October 3, 2012 in Medical Care
2012 will be my 15th year as a Urogynecologist – an OB/GYN who specializes in the treatment of incontinence and pelvic prolapse. Every so often a patient will ask me or one of the staff members in my office “wouldn’t I be better off going to a female doctor for these problems?” This is a legitimate question. As a male practitioner of women’s medicine and surgery, here are some of my thoughts:
One assumption you might make is that women must be inherently better as OB/GYN’s because of their personal experience of being female, but this isn’t as much of a plus as it might seem. Sometimes your personal experience may actually impair your ability to empathize with someone having a different experience from you. If I was female and never experienced painful menstrual cramps and you (my patient) were terribly bothered by them, I might discount your experience. Deep understanding and empathy come from participating in the care of thousands of women with gynecologic problems and all the different experiences they have, and choices that they make.
Let me be clear. I am NOT in any way implying that males are inherently BETTER as OB/GYN’s. All successful physicians derive their competency from the sum of their experience of listening to thousands of patients. I have not heard any discussion about whether or not only people who have had cancer can truly be competent as oncologists. Read the rest of this entry →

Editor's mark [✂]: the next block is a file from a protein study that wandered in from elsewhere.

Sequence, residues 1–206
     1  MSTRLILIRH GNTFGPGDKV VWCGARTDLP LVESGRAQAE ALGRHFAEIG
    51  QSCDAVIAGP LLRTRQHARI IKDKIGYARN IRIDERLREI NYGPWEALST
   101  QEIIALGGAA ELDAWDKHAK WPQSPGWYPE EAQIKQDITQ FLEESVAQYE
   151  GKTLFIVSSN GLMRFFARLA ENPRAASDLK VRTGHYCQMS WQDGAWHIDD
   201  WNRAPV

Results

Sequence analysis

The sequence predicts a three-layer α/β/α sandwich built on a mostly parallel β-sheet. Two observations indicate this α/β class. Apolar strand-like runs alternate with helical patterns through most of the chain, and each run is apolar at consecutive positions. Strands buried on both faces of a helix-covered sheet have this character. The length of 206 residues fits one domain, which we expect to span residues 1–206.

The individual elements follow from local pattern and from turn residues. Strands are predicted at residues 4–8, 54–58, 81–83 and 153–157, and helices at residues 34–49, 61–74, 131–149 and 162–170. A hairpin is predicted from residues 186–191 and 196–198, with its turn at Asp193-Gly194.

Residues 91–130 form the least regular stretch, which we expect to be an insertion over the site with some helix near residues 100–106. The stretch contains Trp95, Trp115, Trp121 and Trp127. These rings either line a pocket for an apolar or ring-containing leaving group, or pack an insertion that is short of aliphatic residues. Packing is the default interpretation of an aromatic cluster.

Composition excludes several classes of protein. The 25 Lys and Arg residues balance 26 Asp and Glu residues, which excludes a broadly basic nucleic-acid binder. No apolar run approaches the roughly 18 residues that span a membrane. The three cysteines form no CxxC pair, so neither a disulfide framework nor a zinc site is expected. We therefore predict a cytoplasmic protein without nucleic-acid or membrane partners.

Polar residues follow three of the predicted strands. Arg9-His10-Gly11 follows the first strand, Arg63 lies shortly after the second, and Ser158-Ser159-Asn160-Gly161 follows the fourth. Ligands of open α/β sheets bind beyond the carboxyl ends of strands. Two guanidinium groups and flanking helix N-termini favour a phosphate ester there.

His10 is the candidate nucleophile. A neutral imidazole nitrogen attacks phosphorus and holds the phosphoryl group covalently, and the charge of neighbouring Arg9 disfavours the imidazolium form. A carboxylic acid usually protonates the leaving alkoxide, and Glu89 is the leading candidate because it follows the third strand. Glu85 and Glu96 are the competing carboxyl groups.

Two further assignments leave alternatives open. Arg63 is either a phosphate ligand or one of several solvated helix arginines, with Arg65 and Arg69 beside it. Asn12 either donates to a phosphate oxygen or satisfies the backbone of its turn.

September 14, 2012 in health care costs, Member Stories
When business analysts take a look at the health care industry in America, they often find both striking similarities and radical differences between what consumers say about retail and what patients say about health care. Studies on health care services underscore the fact that a doctor’s office is, in many senses, a business, even though people don’t tend to think of health care as a “consumer industry.” New studies are finding that when it comes to choosing doctors, consumers are using some of the same criteria that they would at the check-out register of a department store or other retailer.
A Friendly Experience
Some of the newest results on surveys of patients as customers come from PwC Health Research Institute, a group that surveyed several thousand patients to get a better picture of what today’s patient is looking for in a medical provider. Part of what PwC found is that a friendly greeting is twice as important at the door of the doctor’s office as it is in a bank or a big-box store. That’s big news for practices that haven’t invested the time and effort to make sure there’s someone personable sitting at the front desk. It’s also a good look at how medical offices can tune in to what patients really expect in today’s health care industry.
Price Not a Factor?
Studies also routinely find that price is not the big factor in patient provider selection that it is in retail. Read the rest of this entry →